<img height="1" width="1" style="display:none" src="https://www.facebook.com/tr?id=799546403794687&amp;ev=PageView&amp;noscript=1">
MEdia Clips

CU Anschutz In The News

By Media Outlet

Washington Post


Washington Post

What Are Tongue Ties, and How Can They Be Fixed?

news outletWashington Post
Publish DateJune 21, 2024

Maya Bunik, a professor of pediatrics at the University of Colorado School of Medicine and chair of the section on breastfeeding for the American Academy of Pediatrics, worries that parents may be too quick to opt for surgery, and thinks the procedure may be overused — understandable, she adds, because “everybody wants to do whatever they can for their babies, and breastfeeding is a challenging part of babyhood.”

Full Story
Washington Post

A mystery illness stole their kids’ personalities. These moms fought for answers

news outletWashington Post
Publish DateMay 17, 2024

Scientists who study Down syndrome say people with the condition live rich and fulfilling lives, but they also experience “a very atypical form of aging,” said Joaquin Espinosa, executive director of the Linda Crnic Institute for Down Syndrome at the University of Colorado Anschutz Medical Campus. For researchers, “that could be super-rich to understand aging in general.”

Full Story
Washington Post

Doctors weigh in on Aaron Rodgers’s recovery: A calculated risk or ‘crazy’?

news outletWashington Post
Publish DateDecember 01, 2023

“When you first hear that, and you don’t look at every part of it and dive into details, from afar you’re thinking, ‘That’s very fast and too soon,’” University of Colorado School of Medicine professor Eric McCarty said. “However, as we as sports medicine physicians look into it and see what has occurred and everything he has available to himself, we start thinking, ‘All right ... it’s in the realm of possibility.’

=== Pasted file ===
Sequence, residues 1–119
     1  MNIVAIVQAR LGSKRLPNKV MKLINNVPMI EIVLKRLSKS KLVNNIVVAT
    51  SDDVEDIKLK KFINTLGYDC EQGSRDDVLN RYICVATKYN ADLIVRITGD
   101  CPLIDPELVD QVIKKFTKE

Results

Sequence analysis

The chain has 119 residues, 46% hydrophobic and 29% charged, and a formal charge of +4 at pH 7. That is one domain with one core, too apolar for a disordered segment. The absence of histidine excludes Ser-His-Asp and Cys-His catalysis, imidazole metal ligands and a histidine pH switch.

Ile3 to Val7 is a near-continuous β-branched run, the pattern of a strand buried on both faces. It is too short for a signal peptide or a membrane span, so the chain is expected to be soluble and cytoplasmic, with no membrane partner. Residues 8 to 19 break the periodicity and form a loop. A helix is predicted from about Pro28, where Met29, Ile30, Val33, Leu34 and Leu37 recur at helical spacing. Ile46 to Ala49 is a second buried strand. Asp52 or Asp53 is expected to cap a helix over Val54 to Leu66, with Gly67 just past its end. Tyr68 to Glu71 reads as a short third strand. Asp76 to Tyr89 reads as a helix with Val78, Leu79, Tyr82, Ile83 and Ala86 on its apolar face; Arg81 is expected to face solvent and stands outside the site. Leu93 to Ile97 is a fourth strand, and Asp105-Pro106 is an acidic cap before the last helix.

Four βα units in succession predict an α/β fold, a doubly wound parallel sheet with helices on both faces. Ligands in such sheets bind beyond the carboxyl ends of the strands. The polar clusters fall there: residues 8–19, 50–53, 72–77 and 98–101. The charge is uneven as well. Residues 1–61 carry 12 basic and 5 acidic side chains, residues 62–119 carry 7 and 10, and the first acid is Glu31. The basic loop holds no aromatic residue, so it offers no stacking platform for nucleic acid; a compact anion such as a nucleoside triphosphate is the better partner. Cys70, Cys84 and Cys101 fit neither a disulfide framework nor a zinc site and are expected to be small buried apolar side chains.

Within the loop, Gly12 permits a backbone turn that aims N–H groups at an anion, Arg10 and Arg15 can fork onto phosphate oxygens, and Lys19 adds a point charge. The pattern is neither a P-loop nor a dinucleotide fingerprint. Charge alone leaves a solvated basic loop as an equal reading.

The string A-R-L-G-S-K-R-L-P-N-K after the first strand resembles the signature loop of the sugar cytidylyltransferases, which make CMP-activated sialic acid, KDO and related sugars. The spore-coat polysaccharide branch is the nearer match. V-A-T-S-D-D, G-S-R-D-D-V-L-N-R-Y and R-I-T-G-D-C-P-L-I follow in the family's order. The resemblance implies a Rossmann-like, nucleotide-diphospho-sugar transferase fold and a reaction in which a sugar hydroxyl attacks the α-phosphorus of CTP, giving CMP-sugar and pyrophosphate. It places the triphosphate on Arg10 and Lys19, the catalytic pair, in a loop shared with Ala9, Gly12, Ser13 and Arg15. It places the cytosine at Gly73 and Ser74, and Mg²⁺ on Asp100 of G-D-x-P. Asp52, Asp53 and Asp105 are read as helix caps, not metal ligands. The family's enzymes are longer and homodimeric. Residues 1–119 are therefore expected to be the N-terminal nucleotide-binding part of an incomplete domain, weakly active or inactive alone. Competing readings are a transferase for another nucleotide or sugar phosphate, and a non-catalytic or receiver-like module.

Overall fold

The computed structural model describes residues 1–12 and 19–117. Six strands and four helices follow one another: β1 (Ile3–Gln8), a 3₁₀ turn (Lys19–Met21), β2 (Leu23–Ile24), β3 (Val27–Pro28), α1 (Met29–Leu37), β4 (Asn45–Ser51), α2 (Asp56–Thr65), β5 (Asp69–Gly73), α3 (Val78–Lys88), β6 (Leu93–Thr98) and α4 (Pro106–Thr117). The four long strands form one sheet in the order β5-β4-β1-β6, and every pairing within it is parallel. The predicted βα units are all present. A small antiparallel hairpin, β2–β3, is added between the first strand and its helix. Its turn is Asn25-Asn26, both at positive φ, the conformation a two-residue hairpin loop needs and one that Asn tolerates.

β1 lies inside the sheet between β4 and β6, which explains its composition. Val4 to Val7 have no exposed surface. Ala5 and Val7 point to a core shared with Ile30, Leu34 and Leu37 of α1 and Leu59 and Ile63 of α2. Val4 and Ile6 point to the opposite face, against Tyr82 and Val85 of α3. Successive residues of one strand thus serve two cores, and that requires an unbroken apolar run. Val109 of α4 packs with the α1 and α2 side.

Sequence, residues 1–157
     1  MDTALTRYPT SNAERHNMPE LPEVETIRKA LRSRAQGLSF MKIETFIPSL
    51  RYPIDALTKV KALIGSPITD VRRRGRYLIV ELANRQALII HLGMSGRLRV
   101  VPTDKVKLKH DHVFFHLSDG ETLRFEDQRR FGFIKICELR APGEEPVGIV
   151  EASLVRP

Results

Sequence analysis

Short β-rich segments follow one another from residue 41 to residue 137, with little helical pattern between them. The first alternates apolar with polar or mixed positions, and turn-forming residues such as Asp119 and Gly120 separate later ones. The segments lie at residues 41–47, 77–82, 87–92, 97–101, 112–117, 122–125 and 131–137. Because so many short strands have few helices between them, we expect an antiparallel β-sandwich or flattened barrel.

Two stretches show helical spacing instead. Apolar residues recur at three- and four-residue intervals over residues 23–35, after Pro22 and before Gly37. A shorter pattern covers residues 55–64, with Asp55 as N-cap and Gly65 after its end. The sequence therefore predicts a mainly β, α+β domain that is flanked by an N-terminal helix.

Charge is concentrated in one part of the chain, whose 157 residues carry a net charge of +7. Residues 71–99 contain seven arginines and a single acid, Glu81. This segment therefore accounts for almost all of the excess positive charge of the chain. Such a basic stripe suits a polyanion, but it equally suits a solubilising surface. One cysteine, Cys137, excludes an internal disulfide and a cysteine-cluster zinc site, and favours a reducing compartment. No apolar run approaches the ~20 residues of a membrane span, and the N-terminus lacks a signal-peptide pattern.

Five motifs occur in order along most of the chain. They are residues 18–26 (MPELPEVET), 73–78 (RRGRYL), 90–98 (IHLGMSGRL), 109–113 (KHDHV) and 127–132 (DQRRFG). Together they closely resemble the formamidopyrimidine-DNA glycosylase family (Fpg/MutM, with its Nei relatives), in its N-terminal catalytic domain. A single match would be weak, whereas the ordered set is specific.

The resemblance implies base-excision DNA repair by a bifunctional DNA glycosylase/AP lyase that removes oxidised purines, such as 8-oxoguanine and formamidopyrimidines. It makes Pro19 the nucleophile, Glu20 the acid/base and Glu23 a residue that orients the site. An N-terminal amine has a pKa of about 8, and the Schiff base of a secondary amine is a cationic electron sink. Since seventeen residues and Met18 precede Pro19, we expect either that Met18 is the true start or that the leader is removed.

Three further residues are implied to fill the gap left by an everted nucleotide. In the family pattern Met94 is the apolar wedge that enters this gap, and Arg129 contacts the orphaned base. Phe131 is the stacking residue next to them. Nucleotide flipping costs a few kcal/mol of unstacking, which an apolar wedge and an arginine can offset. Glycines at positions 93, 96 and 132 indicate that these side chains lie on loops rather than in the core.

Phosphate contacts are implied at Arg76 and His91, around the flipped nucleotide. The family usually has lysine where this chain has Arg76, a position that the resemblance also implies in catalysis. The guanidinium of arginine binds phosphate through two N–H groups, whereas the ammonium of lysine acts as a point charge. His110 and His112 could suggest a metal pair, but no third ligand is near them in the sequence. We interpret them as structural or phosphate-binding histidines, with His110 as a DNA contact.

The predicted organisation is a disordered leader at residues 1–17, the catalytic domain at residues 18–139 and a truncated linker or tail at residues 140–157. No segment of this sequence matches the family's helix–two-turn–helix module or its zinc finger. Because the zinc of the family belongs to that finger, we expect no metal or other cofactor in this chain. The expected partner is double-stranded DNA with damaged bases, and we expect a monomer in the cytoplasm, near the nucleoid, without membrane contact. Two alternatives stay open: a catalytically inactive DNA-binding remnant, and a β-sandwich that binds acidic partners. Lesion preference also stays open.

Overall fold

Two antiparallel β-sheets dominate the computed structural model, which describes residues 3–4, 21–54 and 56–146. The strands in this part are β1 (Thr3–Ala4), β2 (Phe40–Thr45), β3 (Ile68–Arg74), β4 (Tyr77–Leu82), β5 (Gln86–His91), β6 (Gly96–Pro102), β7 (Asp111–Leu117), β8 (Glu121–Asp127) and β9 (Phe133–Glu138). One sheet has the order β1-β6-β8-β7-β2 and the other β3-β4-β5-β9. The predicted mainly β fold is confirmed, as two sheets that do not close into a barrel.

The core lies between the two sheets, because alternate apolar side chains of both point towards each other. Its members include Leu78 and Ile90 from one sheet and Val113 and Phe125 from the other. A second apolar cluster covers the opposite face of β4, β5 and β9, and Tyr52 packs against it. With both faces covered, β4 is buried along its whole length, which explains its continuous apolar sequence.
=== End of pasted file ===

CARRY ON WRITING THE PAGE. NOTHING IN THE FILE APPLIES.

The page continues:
Full Story
Washington Post

This boy was born without an immune system. Gene therapy rebuilt it.

news outletWashington Post
Publish DateDecember 01, 2023

Western science and medicine have historically ignored and underestimated the traditional knowledge of Native people, said Katrina Claw, a Navajo geneticist at the University of Colorado’s Anschutz Medical Campus. Many people in the community have a deep knowledge of biology and heredity, grounded in expertise in raising livestock and crops passed down over generations. The Navajo clan system, a way of identifying oneself that also keeps track of kinship, is a complex genealogical and cultural system and a form of genetic knowledge, Claw said.

Full Story
Washington Post

First came a viral storm. Now we have puzzling superinfections

news outletWashington Post
Publish DateJanuary 05, 2023

In Denver, Samuel Dominguez, an infectious-disease specialist at Children's Hospital Colorado and a professor at the University of Colorado School of Medicine, said the cases he had seen were "across the age spectrum" in children, noting that they may be more susceptible because bacteria tend to colonize more aggressively in their throats and skin than in adults.

Full Story
Washington Post

Congress wants more red-flag laws. But GOP states, gun groups resist.

news outletWashington Post
Publish DateJuly 26, 2022

Research by the Injury and Violence Prevention Center at the Colorado School of Public Health found 85 percent of protection orders granted by judges were filed by law enforcement.

Full Story
Washington Post

States and health systems activate crisis standards, new protocols as omicron strains U.S. hospitals

news outletWashington Post
Publish DateJanuary 14, 2022

Colorado’s crisis-standards activation focuses on EMS — including ambulance and paramedic services — “because the pinch points are largely not in the ICU, which is what we were worried about previously,” said Matthew Wynia, director of the Center for Bioethics and Humanities at the University of Colorado Anschutz Medical Campus.

Full Story
Washington Post

What happened to Eric Clapton?

news outletWashington Post
Publish DateNovember 21, 2021

“He could be helping us in finishing off this pandemic, especially with a vulnerable population,” says Joshua Barocas, an associate professor of medicine with an expertise in infectious diseases at the University of Colorado School of Medicine. “We’re looking at millions and millions of people worldwide. He could be a global ambassador, and instead he’s chosen the pro-covid, anti-public-health route.”

Full Story